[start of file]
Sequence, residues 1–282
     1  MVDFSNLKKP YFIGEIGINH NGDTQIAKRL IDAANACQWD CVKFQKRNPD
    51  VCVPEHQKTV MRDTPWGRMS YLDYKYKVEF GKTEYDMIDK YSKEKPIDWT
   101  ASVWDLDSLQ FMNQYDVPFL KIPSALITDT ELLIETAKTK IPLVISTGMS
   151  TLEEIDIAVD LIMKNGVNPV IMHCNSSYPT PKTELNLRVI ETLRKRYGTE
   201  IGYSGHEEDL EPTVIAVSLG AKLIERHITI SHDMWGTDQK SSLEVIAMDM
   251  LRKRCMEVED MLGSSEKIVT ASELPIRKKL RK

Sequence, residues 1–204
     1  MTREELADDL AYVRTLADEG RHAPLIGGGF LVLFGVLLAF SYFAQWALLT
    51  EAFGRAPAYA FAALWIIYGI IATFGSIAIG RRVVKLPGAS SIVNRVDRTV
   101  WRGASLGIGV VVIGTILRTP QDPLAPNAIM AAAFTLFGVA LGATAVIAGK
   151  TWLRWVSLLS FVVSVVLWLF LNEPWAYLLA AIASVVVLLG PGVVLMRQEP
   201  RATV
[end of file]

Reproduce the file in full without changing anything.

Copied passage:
Sequence, residues 1–282
     1  MVDFSNLKKP YFIGEIGINH NGDTQIAKRL IDAANACQWD CVKFQKRNPD
    51  VCVPEHQKTV MRDTPWGRMS YLDYKYKVEF GKTEYDMIDK YSKEKPIDWT
   101  ASVWDLDSLQ FMNQYDVPFL KIPSALITDT ELLIETAKTK IPLVISTGMS
   151  TLEEIDIAVD LIMKNGVNPV IMHCNSSYPT PKTELNLRVI ETLRKRYGTE
   201  IGYSGHEEDL EPTVIAVSLG AKLIERHITI SHDMWGTDQK SSLEVIAMDM
   251  LRKRCMEVED MLGSSEKIVT ASELPIRKKL RK

Sequence, residues 1–204
     1  MTREELADDL AYVRTLADEG RHAPLIGGGF LVLFGVLLAF SYFAQWALLT
    51  EAFGRAPAYA FAALWIIYGI IATFGSIAIG RRVVKLPGAS SIVNRVDRTV
   101  WRGASLGIGV VVIGTILRTP QDPLAPNAIM AAAFTLFGVA LGATAVIAGK
   151  TWLRWVSLLS FVVSVVLWLF LNEPWAYLLA AIASVVVLLG PGVVLMRQEP
   201  RATV